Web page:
That sounds like a good idea, and have your carpets cleaned and get the crates in place at the same time. Understand that it could take a month or so for the dogs to get used to the new routine, and this will take commitment to vigilant supervision from now on. However, once they are used to knowing who's in charge and what the program is, the dogs will be happier. They want to know that someone is "driving the bus", and it's really better if it's you rather than them!

MeredithC 5 years ago

Hi Suzanne,

I just started having a problem with my 3-year-old lab mix/border collie mix and it sounds like you may be able to help. She has been crate trained from the time we got her (10 wks old) and has always loved it. She has only been crated at night for the last year or so. We take her out at night, come in, give her a treat and say "Time for beddy" and she always runs right in. This has always worked at my family home and my apartment (we spend a lot of time at both). However, the last couple of weeks while we're home for the holidays, there have been a few times that she absolutely refuses to go in her bed at night. She hides behind the Christmas tree, which is in the corner she likes to go in during the rest of the year (usually behind a chair) but sometimes will wait an hour and then run upstairs, try to jump on the bed, or end up sleeping on the couch. Bottom line, it has been a battle to get her in the bed, involving putting her leash on her and walking her into it, and one time picking her up and putting her in. She still gets treats, praise, etc. but I'm sure it's not a 100% positive thing. The worst time of it just happened, when she pulled out of her collar when I was trying to walk her toward it, and after I put it on her, growled when I tried to get her to move. I don't like hearing her growl! I know she was trying to let me know that she was NOT pleased with the situation, but I didn't want to let her behavior win either. If she could sleep calmly downstairs by herself it'd be one thing, but I can't have her running around in the middle of the night either. My apartment is one big open space (two floors) so there is no way to close the door either if she isn't sleeping in her crate.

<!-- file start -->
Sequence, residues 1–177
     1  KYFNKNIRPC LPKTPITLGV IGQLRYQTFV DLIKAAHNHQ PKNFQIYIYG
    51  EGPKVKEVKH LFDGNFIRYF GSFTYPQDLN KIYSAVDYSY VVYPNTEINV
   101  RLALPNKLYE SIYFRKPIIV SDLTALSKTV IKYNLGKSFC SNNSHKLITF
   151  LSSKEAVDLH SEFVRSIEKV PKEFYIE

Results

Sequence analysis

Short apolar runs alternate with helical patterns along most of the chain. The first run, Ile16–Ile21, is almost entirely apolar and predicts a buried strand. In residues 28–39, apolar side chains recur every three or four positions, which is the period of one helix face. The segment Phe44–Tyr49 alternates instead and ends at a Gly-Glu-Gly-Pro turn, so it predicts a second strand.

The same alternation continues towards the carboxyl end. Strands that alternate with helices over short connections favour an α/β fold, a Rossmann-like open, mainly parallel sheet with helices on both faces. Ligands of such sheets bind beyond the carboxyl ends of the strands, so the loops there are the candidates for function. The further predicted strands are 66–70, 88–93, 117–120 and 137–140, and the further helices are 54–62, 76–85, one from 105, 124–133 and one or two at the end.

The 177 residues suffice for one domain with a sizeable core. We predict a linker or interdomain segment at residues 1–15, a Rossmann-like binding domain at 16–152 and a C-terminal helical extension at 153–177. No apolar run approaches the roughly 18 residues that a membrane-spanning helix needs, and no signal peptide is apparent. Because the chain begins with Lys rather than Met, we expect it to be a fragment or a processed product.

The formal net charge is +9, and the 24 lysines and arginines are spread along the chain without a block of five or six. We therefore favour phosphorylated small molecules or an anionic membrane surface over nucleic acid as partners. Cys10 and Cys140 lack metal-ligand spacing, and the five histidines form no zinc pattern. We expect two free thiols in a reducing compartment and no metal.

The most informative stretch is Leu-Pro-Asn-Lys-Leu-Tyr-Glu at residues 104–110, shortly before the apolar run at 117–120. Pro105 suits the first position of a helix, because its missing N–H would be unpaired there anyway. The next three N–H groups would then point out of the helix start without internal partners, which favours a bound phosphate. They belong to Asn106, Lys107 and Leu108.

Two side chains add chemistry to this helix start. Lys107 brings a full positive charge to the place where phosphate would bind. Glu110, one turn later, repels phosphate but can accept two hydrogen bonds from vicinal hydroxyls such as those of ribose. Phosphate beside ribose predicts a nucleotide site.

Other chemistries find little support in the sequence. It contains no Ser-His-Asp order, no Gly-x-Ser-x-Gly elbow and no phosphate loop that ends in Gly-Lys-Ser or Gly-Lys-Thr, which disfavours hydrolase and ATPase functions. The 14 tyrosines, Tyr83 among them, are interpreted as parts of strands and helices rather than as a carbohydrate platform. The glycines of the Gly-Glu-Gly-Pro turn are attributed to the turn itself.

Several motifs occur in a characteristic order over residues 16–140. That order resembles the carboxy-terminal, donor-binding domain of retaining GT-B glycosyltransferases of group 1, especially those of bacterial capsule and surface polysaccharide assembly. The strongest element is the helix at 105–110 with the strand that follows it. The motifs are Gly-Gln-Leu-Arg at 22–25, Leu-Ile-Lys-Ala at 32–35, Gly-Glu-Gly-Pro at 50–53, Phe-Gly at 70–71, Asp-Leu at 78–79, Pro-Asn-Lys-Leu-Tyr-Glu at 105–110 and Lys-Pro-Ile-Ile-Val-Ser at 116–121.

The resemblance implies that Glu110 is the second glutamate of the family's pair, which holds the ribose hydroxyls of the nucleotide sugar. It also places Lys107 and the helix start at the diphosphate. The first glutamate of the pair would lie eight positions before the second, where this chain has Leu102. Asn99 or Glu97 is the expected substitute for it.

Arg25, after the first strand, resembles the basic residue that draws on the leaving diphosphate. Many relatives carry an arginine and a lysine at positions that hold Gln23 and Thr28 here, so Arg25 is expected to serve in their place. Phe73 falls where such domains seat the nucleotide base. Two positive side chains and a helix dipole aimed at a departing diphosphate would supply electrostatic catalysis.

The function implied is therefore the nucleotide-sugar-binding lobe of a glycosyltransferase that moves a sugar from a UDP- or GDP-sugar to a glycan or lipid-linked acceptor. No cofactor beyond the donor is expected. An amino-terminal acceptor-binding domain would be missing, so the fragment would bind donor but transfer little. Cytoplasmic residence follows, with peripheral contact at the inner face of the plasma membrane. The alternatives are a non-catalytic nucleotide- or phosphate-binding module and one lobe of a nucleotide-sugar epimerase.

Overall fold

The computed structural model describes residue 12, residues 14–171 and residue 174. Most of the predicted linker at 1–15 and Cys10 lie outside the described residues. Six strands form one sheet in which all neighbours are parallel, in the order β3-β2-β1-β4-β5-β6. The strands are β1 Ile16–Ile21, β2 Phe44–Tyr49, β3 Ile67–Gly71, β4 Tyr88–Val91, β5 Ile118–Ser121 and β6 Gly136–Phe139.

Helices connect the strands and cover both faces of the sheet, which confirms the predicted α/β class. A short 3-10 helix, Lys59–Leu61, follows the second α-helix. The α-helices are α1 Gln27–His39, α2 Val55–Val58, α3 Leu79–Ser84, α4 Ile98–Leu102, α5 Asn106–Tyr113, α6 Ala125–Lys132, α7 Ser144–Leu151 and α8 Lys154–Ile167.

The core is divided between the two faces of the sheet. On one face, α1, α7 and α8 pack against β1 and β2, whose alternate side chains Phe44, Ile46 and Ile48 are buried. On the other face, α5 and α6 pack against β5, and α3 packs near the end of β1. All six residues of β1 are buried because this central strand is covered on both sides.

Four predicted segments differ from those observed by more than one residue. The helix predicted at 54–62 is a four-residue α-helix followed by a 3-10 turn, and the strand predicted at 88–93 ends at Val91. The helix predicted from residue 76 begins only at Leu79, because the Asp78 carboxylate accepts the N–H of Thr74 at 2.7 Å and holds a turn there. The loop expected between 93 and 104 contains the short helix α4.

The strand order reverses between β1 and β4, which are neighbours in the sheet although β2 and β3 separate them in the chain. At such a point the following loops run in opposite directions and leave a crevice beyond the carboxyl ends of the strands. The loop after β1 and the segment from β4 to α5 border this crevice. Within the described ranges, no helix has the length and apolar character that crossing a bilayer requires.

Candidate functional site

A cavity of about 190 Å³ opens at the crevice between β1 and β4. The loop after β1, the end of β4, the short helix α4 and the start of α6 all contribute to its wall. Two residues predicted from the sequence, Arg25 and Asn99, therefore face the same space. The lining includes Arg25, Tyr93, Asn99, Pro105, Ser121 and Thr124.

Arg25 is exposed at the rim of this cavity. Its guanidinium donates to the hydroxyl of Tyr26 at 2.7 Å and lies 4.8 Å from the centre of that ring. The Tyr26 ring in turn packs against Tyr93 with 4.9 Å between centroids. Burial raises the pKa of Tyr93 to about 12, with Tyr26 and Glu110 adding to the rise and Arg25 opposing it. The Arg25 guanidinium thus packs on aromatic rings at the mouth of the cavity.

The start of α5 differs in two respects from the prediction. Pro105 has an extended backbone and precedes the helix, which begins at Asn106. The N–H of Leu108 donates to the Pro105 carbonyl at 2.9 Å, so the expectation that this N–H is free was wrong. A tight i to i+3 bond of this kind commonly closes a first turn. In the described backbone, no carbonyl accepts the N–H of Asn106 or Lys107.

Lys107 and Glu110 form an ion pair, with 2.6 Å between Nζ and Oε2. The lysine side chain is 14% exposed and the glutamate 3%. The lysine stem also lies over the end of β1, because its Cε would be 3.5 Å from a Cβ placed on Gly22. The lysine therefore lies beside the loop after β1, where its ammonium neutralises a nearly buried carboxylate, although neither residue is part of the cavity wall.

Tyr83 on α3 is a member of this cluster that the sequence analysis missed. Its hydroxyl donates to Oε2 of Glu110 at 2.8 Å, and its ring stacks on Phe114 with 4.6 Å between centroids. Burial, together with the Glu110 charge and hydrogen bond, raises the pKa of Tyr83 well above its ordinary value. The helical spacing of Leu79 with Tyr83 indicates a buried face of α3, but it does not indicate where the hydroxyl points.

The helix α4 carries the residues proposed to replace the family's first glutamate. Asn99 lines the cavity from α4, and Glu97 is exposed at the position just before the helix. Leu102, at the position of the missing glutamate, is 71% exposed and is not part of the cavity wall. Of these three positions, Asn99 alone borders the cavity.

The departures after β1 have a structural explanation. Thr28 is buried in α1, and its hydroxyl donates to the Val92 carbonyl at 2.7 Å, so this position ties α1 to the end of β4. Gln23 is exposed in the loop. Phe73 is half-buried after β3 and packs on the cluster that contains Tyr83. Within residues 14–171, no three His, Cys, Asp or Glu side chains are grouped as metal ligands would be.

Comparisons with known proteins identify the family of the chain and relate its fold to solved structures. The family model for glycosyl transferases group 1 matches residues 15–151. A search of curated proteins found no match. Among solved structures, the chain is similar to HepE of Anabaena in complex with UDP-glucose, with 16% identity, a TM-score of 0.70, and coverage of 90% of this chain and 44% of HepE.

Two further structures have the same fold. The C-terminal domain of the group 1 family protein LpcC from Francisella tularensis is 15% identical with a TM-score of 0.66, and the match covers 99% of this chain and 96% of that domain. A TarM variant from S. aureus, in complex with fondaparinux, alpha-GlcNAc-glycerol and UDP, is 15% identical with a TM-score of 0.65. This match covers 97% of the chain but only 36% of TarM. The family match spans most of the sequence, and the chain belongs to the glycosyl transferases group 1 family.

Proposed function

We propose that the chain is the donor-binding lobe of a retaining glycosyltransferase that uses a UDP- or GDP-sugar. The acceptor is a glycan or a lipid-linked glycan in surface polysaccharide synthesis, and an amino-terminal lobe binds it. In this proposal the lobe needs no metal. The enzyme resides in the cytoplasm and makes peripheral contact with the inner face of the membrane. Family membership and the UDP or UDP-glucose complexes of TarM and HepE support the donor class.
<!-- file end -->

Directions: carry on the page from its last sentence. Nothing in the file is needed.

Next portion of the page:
Is this a sign that she just shouldn't be crated at night anymore? What do you suggest that I do? The one thing I've thought of is to practice with her going in there on command during the day for even a second (command, response, reward) but if she still won't go in or continues to refuse by lying down, pulling out of her collar, running away or the growling, I don't know what to do.

Any help or advice would be greatly appreciated!!

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justmesuzanne 5 years ago from Texas Author

Hmmm... That is strange. It sounds like something may have happened to change her feelings about being crated. Was she allowed to sleep with you or to be loose in the apartment at night once, or did she perhaps have a sitter who allowed her to sleep out of the crate? Did she have an accident in the crate? Has she outgrown that crate? Maybe she needs a larger one.

Do you have objections to her sleeping in your room? Perhaps moving the crate (or a new crate or special bed) to your room would solve the problem.

MeredithC 5 years ago

She's never had an accident in her crate, but she definitely has been allowed to sleep outside of it a handful of times sporadically in the last year. For example, like one of the above comments, she is scared of thunderstorms so if she is already hiding at bedtime, I let her stay in the spot she's in to feel "safe." With this new attitude about her crate, my parents have let her roam free a couple times overnight while we've been home over the holidays rather than battling with her about it. What's funny is that her "crate" at my parent's house is actually a big dog bed in the same spot her crate was when both she and I lived here, just blocked off with a doggie gate instead of the actual crate. So it's definitely big enough, and it's not a new arrangement - that's been her set-up while we're here for any visits in the last year.